Tanya Fuller remembers the cold symptoms that wouldn’t  go away. Denum, her 11-year-old son, had been sick one night, and experienced problems breathing. Fuller, a wife, and mother of an older son, age 17, was  accustomed to changes in workflow in her position as a human resources director in Philadelphia. Fuller, was always on alert and kept three rescue inhalers on hand for Denum, who suffers from environmental allergies. This particular attack, however, was too powerful. The next day, Denum was in the  local ER.


If it weren’t for Denum’s weekly immunotherapy allergy shots– medically known as allergen immunotherapy—he would be sitting in ER more often.  Besides the beneficial effects of immunotherapy, children suffering from mold, pollen and dust allergies need to use caution  during the late spring and early summer when places of play frequently change from indoors to outdoors.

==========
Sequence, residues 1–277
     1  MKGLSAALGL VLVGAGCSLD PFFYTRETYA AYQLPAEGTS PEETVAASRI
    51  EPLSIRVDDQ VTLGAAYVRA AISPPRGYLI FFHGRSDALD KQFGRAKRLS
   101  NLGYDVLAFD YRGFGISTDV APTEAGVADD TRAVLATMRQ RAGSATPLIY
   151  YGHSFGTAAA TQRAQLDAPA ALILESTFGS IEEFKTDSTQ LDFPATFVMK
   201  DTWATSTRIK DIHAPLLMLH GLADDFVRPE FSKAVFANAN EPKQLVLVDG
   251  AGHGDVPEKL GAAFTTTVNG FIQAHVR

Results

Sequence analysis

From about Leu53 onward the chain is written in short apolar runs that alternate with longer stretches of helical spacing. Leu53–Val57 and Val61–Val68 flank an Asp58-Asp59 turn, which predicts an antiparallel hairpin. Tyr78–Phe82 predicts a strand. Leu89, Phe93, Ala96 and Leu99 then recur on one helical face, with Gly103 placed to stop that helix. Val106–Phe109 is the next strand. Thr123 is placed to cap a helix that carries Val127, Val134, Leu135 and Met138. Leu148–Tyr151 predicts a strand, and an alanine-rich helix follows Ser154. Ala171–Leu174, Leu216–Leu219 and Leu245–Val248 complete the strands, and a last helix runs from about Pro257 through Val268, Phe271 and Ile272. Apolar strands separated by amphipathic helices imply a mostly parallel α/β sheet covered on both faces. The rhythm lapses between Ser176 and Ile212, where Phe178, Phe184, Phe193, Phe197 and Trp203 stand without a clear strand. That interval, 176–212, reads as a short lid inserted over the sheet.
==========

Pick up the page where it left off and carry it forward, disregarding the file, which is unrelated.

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Denum was diagnosed with bronchitis after birth. His father, Dana Fuller, who also has asthma, showed Denum how to use his first inhaler, when Denum turned 3-years-old.


Fuller selected allergen immunotherapy for Denum, because it’s considered to be the most effective way to bring long-term relief freeing people from daily allergy medications. The allergy shots help the body get used to allergens, the things that trigger an allergic reaction.


“We always instill in Denum that he may have asthma, but asthma doesn’t have him,” said Fuller, who said that her family’s faith in God gives them hope. “It doesn’t mean he’s not a normal child. We told him he can still play basketball, run track, swim, whatever. It just means he has to do things differently, like take a break, then go back out and play.”





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